Risk To Patient Safety In Hospitals

Posted By admin - 22nd January 2018

The BBC recently reported that 68 senior Accident & Emergency (A&E) doctors wrote and signed a letter sent to the Prime Minister, which outlined the risks hospital patients have been facing over the winter. The BBC reports that the letter sets out how the pressure on hospitals over the recent weeks has impacted the service provided by hospitals. Patients have had to sleep in makeshift wards in side rooms, wait in ambulances because of the lack of space in A&E Departments and also wait up to 12 hours for a free bed.

Some patients have had to be examined and managed in corridors and the letter reports that some have died prematurely.

Dr Adrian Boyle, chairman for quality at the Royal College of Emergency Medicine and the Society for Acute Medicine, recognises that “excessive crowding within emergency departments is associated with avoidable deaths”.

According to NHS England, hospitals work towards a target of seeing patients within 4 hours. Official NHS figures revealed that England’s A&E Departments missed this target in December 2017. Over 300,000 patients waited for much longer than they should, with only 85.07% of patients being seen within the 4 hours, much lower than the 95% target.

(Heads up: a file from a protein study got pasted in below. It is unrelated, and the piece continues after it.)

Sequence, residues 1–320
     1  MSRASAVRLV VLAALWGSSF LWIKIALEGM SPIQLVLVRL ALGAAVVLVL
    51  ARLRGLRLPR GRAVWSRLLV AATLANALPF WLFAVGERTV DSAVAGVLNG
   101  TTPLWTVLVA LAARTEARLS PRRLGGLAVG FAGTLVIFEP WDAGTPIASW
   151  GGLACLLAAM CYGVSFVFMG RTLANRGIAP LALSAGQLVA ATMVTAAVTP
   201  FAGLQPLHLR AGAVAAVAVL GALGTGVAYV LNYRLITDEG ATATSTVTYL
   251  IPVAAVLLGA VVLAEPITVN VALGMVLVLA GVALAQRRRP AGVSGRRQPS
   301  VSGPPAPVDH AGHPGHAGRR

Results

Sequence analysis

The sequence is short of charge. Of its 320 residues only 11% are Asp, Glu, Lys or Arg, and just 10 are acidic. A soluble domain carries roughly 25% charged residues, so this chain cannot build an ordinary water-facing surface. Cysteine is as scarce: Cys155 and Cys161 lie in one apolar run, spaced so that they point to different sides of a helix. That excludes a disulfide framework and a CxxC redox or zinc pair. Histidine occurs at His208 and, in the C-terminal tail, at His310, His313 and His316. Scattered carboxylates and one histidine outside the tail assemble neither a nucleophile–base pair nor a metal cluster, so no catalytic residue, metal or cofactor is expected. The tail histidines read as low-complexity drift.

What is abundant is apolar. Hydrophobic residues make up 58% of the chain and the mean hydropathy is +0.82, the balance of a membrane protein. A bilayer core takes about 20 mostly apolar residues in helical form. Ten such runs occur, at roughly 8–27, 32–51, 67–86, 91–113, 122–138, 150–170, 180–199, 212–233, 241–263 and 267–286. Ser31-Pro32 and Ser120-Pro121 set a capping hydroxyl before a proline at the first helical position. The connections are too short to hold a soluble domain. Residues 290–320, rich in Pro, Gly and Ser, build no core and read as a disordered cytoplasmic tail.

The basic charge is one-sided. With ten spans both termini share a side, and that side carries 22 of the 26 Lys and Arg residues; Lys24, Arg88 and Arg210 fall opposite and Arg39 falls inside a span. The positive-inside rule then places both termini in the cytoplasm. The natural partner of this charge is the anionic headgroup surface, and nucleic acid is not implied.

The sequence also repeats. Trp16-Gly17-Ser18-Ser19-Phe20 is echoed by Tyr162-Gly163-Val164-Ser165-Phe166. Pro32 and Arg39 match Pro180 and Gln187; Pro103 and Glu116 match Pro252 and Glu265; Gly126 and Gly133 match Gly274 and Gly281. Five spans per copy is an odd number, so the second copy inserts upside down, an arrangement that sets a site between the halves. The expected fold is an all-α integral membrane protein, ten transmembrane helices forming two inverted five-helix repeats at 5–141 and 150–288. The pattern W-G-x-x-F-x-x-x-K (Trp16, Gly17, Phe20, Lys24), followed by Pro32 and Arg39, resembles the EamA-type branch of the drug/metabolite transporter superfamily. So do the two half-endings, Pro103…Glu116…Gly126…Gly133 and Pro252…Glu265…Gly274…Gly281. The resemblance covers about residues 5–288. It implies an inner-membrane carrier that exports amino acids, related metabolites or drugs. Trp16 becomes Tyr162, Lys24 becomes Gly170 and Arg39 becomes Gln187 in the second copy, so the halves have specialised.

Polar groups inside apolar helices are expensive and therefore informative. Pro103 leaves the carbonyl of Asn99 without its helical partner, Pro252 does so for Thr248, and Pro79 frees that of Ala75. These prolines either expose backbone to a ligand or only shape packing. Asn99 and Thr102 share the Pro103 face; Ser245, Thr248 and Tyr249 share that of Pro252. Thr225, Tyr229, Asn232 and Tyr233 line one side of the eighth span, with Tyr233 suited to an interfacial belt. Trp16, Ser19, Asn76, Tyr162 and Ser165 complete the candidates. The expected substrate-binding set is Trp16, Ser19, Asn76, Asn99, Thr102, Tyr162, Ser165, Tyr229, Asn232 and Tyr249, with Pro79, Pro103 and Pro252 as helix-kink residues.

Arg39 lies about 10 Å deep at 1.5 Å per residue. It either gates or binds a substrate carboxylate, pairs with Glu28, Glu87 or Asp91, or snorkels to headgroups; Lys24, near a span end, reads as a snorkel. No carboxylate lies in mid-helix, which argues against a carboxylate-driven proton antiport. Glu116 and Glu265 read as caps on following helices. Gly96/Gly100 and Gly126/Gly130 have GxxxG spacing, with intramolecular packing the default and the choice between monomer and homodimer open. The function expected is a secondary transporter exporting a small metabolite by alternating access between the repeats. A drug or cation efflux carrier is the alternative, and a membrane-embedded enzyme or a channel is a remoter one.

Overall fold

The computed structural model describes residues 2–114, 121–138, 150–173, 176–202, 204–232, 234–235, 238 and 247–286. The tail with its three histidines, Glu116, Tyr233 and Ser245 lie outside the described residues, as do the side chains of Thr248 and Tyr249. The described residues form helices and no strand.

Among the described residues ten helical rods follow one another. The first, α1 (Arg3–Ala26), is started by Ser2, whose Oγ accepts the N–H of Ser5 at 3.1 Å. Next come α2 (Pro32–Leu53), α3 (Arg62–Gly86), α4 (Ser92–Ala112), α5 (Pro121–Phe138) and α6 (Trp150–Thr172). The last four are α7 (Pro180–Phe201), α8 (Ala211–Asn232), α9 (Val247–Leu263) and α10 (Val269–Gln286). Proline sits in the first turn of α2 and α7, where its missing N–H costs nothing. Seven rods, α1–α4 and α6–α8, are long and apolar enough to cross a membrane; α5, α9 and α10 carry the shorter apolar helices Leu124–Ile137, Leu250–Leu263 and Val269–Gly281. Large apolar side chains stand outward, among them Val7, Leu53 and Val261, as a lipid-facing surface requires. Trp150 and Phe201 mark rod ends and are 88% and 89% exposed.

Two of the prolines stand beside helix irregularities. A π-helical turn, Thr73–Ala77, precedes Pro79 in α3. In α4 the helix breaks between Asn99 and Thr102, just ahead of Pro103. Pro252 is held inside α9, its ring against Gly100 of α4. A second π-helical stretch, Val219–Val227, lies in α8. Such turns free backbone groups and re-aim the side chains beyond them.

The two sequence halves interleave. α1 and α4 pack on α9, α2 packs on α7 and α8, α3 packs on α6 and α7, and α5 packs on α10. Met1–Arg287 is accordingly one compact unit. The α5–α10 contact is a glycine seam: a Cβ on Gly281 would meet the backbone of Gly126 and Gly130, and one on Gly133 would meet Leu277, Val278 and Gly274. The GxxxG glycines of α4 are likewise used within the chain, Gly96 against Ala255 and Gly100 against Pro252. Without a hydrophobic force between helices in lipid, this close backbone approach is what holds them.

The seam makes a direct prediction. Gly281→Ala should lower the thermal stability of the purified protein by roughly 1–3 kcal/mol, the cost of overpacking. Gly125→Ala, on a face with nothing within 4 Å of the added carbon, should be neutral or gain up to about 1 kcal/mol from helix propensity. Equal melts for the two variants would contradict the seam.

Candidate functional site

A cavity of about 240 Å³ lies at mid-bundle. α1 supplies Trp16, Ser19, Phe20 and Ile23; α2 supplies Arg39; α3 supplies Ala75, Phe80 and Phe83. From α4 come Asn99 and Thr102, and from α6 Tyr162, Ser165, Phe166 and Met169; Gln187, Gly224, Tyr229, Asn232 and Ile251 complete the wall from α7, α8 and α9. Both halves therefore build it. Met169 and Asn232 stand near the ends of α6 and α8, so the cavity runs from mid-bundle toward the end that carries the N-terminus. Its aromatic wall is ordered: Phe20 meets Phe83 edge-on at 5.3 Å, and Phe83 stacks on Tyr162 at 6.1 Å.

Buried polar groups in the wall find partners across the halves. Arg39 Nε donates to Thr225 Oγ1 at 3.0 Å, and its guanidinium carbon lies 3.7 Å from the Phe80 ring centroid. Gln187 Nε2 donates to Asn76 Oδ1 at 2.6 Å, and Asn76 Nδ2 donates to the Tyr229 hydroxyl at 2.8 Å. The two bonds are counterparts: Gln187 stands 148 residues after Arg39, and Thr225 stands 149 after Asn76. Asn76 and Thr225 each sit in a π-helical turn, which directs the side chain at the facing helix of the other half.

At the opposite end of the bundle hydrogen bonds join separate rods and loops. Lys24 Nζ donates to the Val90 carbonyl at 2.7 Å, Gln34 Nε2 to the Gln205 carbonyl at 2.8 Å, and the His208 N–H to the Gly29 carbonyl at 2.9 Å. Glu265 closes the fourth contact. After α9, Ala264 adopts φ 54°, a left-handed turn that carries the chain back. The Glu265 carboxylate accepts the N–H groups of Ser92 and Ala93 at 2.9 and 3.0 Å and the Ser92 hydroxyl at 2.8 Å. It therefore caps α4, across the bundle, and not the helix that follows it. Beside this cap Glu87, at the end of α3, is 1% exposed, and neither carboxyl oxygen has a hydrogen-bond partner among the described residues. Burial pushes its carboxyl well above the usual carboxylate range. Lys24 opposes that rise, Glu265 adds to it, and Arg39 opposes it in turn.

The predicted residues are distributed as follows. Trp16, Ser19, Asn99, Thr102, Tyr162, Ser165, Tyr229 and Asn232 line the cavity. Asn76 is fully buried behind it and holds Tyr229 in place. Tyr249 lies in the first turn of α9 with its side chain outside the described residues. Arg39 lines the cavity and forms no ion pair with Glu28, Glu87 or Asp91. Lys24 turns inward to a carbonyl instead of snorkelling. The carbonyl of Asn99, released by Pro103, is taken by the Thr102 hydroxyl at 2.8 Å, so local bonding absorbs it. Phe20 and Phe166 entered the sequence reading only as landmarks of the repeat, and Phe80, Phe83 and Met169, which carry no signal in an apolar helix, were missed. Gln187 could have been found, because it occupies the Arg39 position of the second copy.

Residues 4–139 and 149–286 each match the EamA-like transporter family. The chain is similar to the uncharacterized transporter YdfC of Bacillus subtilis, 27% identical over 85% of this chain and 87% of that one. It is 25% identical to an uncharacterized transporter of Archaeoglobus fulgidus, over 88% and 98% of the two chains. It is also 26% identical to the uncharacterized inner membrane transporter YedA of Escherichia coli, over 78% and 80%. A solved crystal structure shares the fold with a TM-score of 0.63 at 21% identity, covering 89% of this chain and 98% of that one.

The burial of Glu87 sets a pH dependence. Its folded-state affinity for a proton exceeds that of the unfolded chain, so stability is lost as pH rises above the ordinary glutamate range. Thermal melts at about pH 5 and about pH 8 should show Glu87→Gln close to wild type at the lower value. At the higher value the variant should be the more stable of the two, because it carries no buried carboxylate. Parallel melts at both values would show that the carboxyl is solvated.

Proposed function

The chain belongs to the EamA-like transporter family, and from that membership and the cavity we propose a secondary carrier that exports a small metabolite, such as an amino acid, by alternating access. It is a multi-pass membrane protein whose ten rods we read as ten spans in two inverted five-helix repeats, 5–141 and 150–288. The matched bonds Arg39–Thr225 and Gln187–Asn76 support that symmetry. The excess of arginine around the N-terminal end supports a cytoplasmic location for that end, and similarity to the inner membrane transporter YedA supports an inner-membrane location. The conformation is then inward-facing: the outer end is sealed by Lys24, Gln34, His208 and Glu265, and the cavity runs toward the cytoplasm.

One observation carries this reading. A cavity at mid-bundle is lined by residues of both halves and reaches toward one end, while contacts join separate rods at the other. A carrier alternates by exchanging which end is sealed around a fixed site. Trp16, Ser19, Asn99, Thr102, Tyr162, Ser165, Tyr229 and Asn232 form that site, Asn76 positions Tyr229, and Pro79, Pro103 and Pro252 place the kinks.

Mr Chris Hopson, of NHS Providers (a membership organisation and trade association for NHS trusts), has acknowledged that hospitals are currently unsafe and over-crowded and an NHS report has found that just last week, 133 of the 137 hospital trusts in England had run out of beds.

In a BBC Radio 4’s Today interview, Mr Hopson said this is the “first time ever” in NHS history that all of its key targets for A&E, cancer and planned operations across the UK had been missed. He feels that it is not possible to deliver the NHS constitutional standard without having a long term funding settlement in place.

The Leicester Mercury reports that hospitals in Leicester are facing increased pressure due to a rise in the number of operations since Christmas, and are consequently having to cancel all ‘non-urgent’ appointments. This followed a decision to cancel all non-emergency surgery over Christmas and New Year in a bid to free up beds in preparation for the surge in patients that was expected over the holiday period.

University Hospitals of Leicester NHS Trust is said to currently be at its highest level of pressure, which could result in patient safety being subject to increased risk.

Moosa-Duke Solicitors is concerned about the delay in patients receiving treatment and the impact that this could have on patient safety. Moosa-Duke Solicitors are specialists in all aspects of clinical negligence matter and have specialist experience of dealing with claims involving negligence in both NHS and private services.

If you have concerns regarding the care or treatment that you have received, please contact us on 0116 254 7456 for a no obligation conversation.